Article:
In music, unlike in art, Impressionism was a small countercurrent against the various Romantic schools of composition, which were still going strong. Probably the only composer consistently associated with the movement was Claude Debussy (1862-1918), who vehemently hated to be classified as such. Debussy was a French composer and pianist; most of his body of work is for the solo piano. About the only thing music historians agree characterizes Debussy's work is that it is new and doesn't use traditional harmonies. His music sometimes verges on atonality, a style in which there is no tonality at all. It's hard for me to explain theoretically how his music sounds like Monet, so here are recordings of his Menuet from the famous Suite Bergamasque (which includes Clair de Lune) and La Cathedrale Engloutie from his first book of Preludes.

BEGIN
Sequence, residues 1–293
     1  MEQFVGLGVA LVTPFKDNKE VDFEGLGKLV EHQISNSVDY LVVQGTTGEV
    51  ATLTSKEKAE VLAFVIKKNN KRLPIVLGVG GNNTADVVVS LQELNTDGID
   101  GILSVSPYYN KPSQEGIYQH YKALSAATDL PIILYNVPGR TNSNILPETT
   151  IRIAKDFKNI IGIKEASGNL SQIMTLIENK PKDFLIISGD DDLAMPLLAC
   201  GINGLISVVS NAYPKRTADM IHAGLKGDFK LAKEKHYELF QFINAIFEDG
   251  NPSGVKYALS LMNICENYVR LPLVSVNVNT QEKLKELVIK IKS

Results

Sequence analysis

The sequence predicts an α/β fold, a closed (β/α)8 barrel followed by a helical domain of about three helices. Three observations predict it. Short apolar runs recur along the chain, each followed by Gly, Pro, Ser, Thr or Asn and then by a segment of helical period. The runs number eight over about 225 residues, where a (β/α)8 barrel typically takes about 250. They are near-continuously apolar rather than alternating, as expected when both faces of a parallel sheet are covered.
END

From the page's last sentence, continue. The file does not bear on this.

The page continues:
These two pieces are technically very similar: they're both highly chromatic pieces heavy in rapidly changing chords and repeated melodies. However, a lot like Monet, Debussy uses different "colors" to evoke totally different moods. I find the extent to which the music sounds like the art really amazing.